Of the 171 CSDs, the main impacts on management were removal of casts applied at the initial consult (n = 51), recall for review of the injury in the urgent care clinic (n = 37), referral to orthopaedic clinic (n = 29) and application of a new cast (n = 18). A full breakdown of the impact on management is depicted in Table 5.

View Tables 3–5.

In only two cases—both involving missed fractures of the hip (see Figure 1)—was a patient referred to hospital for operative management. No complaints were identified that originated from either misdiagnosis or mismanagement.

View Figures 1–5.

Discussion

No data currently exists on error rates among urgent care physicians when interpreting X-rays. However, equivalent studies based in the emergency department estimate the discrepancy rate between emergency physician’s and radiologist’s readings as between 1% and 28%,[[5–15]] with errors that result in a change in management occurring at a rate of between 0% and 9%.[[5–15]] The findings of this study therefore suggest that comparable error rates exist between urgent care doctors at our facilities and emergency physicians for X-ray interpretation.

In our study, we found that factors contributing to mistakes included whether the patient was younger than 15 years old and the type of doctor interpreting the X-ray, both of which have a significant impact on patient management.

For CSDs amongst paediatric consults, the larger difference in error rate, when compared to the adult cohort, is accounted for by a larger proportion of false positives but the same proportion of false negatives. This suggests that urgent care doctors are more conservative in their interpretation of paediatric X-rays, and do not miss more fractures compared to the adult population—a reassuring result given that a false positive will at worst result in unnecessary immobilisation pending the formal radiology report.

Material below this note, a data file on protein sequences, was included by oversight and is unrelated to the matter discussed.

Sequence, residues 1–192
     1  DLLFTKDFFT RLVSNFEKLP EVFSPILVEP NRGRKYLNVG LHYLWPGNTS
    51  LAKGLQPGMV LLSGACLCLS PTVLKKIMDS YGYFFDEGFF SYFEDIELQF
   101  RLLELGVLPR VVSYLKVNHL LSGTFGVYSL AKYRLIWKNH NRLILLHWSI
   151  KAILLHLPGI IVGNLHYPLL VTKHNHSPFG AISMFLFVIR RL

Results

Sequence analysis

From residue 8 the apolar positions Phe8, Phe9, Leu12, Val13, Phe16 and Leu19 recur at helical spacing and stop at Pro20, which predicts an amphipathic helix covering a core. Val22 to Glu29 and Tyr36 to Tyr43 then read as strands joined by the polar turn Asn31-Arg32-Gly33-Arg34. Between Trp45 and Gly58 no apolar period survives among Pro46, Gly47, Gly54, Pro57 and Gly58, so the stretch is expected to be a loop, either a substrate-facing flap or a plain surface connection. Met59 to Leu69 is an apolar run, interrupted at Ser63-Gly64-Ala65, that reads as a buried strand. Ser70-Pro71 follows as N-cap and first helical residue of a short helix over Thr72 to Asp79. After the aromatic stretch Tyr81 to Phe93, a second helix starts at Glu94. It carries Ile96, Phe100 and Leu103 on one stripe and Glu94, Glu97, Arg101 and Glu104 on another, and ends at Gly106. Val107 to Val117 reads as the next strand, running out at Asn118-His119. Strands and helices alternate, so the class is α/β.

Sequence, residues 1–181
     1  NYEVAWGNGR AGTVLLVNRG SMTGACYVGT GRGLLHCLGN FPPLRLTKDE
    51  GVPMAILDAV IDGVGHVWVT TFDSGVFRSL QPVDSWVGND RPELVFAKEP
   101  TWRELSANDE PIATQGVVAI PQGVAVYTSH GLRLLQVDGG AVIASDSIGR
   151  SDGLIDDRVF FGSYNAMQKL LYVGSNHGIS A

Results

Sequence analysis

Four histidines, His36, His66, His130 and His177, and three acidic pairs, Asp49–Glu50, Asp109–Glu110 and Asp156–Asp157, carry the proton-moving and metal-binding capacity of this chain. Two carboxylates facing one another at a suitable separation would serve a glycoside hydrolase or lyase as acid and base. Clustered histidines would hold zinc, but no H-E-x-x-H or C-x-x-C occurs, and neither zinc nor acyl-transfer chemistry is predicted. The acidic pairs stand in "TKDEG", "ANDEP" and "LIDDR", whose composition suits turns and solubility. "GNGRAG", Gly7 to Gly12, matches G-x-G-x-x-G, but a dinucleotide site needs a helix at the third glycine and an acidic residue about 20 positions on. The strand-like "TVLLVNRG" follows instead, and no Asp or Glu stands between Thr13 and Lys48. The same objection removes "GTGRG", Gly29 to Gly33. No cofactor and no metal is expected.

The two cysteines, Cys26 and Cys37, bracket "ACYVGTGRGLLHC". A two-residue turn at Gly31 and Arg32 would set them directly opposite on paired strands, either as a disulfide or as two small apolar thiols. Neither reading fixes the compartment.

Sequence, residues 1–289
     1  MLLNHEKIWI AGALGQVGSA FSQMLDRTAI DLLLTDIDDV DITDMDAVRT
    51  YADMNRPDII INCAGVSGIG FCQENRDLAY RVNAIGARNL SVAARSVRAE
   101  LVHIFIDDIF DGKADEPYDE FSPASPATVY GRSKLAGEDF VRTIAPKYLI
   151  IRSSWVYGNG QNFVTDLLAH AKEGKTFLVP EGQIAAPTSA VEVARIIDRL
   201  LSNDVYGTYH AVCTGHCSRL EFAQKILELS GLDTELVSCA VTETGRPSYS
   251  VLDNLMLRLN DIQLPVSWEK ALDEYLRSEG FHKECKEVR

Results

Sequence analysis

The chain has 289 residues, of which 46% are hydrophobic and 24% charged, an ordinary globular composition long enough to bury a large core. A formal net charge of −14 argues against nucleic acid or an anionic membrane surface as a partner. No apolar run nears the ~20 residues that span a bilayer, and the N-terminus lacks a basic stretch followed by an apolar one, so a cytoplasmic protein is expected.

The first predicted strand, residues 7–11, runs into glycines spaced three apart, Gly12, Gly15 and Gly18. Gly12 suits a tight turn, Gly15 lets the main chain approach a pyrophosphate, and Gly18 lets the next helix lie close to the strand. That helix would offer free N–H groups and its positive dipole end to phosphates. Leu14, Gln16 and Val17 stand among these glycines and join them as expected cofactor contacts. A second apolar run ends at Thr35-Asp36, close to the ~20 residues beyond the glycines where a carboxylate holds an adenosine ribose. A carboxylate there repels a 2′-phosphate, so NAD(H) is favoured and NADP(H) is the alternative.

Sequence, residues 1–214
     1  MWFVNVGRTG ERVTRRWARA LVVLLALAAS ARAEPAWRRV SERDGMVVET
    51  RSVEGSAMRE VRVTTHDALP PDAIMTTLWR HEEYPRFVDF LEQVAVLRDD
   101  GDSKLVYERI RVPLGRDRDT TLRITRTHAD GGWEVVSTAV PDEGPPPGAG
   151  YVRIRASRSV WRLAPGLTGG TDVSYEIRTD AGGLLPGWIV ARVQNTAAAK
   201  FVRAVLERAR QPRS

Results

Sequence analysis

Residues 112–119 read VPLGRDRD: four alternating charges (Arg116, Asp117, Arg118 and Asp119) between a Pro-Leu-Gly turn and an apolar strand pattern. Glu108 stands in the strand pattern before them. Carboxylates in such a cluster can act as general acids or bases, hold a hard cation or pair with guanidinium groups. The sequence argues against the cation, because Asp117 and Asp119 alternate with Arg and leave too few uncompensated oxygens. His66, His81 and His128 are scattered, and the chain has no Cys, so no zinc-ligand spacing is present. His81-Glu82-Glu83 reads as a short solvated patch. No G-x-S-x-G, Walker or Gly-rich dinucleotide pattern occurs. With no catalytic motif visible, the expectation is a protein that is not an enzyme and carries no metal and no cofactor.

For discrepancies that affected patient management, it is evident that the UCF category made significantly fewer errors compared to the GEN and PROV groups. Within the emergency department, it has been shown that physicians in training are more likely to make interpretive errors compared to those who have completed training.[[10]] This suggests that enrolment in or completion of a vocational training programme offers benefits in reducing interpretive errors that result in a change in patient management. As noted, while the GP group made mistakes more frequently, this did not translate into a proportionately higher rate of changes to patient management for this group, with GPs in fact having the lowest false negative (or missed abnormality) rate for CSDs.

Previous studies based in the emergency department have identified the foot[[15,19]] as the most common site of missed fractures, which differs from the results of this study where the chest and elbow accounted for the most frequent discrepancies in interpretation. However, as noted by Wei et al,[[19]] missed foot fractures in the emergency department typically occur in the context of major trauma, and it would be expected that these patients bypass urgent care clinics.

Our results suggest that the urgent care doctor’s initial interpretation may have been correct for a proportion of discrepancies and CSDs. One study on the interpretation of plain film X-rays originating in the emergency department demonstrated that, on double reading of an X-ray by experienced radiologists, disagreement occurred in 10–12% of skeletal and chest radiographs.[[20]] Given such rates of interobserver variability amongst radiologists, it is entirely possible that the true discrepancy and CSD rates for this dataset are somewhat lower.